By Arbatov, Alexei; Boese, Wade
Arms Control Today , Vol. 35, No. 1
Over time and left unchecked, nuclear deterrence and proliferation are likely to follow Frederick Hegel's dialectical notion of history in which a historical development generates its opposite, or antithesis, and eventually both give way to a new reality or synthesis. Nuclear deterrence (as a policy of leveraging nuclear weapons for political aims) must inevitably give rise to proliferation, as more countries strive to take advantage of the fruits of deterrence to achieve their interests.
As this circle of countries possessing nuclear weapons grows, deterrence will become ever more ambiguous, unstable, and contradictory. States will find it more difficult to resolve such basic strategic questions as how deterrence affects the possibility of a first use of nuclear weapons, whether deterrence can be viewed as a rational approach for policymakers, and what constitutes a country's appropriate command and control responsibilities.
In the past, arms control efforts succeeded in slowing down this historical trend. Now, we are fast approaching the final stage of proliferation and the final contradiction of deterrence: nonstate actors (terrorist organizations) gaining access to nuclear weapons. At that point, deterrence will be effectively finished as a strategy for leveraging nuclear weapons to protect national security. Nuclear deterrence is not effective against terrorists, and terrorists are interested in nuclear weapons solely for direct use and blackmail.
To rein in these terrorist organizations, today's level of cooperation will not suffice. All new threats, as well as new opportunities, urgently require a qualitatively higher level of cooperation among the major world powers. The cooperation required is comparable to that achieved in such alliances as NATO or the Warsaw Pact, but in some spheres, even greater cooperation is required. Nevertheless, better relations are not possible while the United States and Russia base their military and strategic relations on the principles and the material base of mutual nuclear deterrence. Changes are needed both in specific arms programs and the two nuclear superpowers' approach to arms control and disarmament.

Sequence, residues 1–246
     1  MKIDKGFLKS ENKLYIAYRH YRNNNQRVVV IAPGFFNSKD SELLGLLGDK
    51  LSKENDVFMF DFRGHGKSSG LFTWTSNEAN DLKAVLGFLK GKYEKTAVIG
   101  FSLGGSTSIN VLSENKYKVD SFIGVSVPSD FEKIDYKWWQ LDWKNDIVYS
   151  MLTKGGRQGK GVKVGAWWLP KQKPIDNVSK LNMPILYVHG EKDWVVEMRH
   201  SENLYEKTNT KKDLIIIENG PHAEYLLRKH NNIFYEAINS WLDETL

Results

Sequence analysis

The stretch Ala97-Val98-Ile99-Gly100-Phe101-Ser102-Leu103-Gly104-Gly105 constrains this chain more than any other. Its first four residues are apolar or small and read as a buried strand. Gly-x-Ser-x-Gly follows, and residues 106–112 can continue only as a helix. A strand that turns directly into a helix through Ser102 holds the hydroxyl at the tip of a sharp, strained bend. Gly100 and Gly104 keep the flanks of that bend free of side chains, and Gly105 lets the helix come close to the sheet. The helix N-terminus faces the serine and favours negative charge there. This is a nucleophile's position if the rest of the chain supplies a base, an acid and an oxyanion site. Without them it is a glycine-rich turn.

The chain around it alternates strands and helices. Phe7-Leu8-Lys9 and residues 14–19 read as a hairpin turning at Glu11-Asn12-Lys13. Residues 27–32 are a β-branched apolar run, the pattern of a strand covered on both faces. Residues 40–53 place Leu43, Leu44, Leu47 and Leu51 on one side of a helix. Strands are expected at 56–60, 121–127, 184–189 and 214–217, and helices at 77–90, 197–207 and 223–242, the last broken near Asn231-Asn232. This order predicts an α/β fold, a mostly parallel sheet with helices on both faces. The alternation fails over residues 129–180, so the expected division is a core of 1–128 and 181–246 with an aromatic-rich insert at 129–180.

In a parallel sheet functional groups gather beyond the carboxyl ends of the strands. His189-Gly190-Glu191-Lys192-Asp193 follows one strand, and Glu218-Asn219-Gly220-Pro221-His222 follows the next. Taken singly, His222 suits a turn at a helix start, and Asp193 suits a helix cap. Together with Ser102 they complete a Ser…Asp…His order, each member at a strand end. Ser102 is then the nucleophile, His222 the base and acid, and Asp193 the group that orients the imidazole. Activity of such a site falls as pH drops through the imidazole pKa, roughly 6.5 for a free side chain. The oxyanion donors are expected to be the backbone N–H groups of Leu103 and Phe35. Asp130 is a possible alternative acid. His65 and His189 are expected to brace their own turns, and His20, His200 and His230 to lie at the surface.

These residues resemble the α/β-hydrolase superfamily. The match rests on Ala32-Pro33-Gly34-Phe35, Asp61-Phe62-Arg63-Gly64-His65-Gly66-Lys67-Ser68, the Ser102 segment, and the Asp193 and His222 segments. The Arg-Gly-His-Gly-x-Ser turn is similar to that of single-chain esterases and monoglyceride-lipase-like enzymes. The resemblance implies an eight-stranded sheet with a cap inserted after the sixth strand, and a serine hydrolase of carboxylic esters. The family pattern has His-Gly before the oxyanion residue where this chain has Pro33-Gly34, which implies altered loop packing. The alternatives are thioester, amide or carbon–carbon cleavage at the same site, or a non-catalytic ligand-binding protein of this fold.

Deterrence and Arms Control
Arms control was born out of the desire of the leading powers to stabilize mutual deterrence within acceptable limits. At an early stage in the arms control process, after the 1963 Limited Test Ban Treaty, the end of nuclear proliferation began to be viewed as a mandatory condition for progress in nuclear disarmament. After the nuclear Nonproliferation Treaty (NPT) was signed, the powers signed a number of bilateral arms control treaties, from the 1972 Anti Ballistic Missile (ABM) Treaty to the 1991 Strategic Arms Reduction Treaty (START I), along with multilateral accords such as the 1996 Comprehensive Test Ban Treaty (CTBT) and the 1997 Model Additional Protocol granting greater inspection powers to the International Atomic Energy Agency. Yet, these treaties did not fully stop nuclear proliferation, as some countries (India, Pakistan, and possibly North Korea) acquired nuclear weapons.
To defend itself from such rogue proliferators, the United States (and likely other powers in the not-too-distant future) has initiated the development and perfection of a missile defense system and undertaken research into the possibility of using a new generation of nuclear weapons preemptively against terrorist bases or rogue nations. This will likely further undermine the foundations of stable mutual deterrence between the main powers and of the arms limitation and disarmament regimes: already the CTBT, ABM Treaty, START II, and planned START III agreements have fallen victim.
Such moves will also be viewed as not conforming to the spirit of the NPT. That treaty calls in part for the nuclear-weapon states to take steps toward nuclear disarmament in return for non-nuclear-weapon states forgoing such weapons.
A New Approach
It is clearly becoming less productive to depend on deterrence as the main guarantee for preventing a nuclear war. …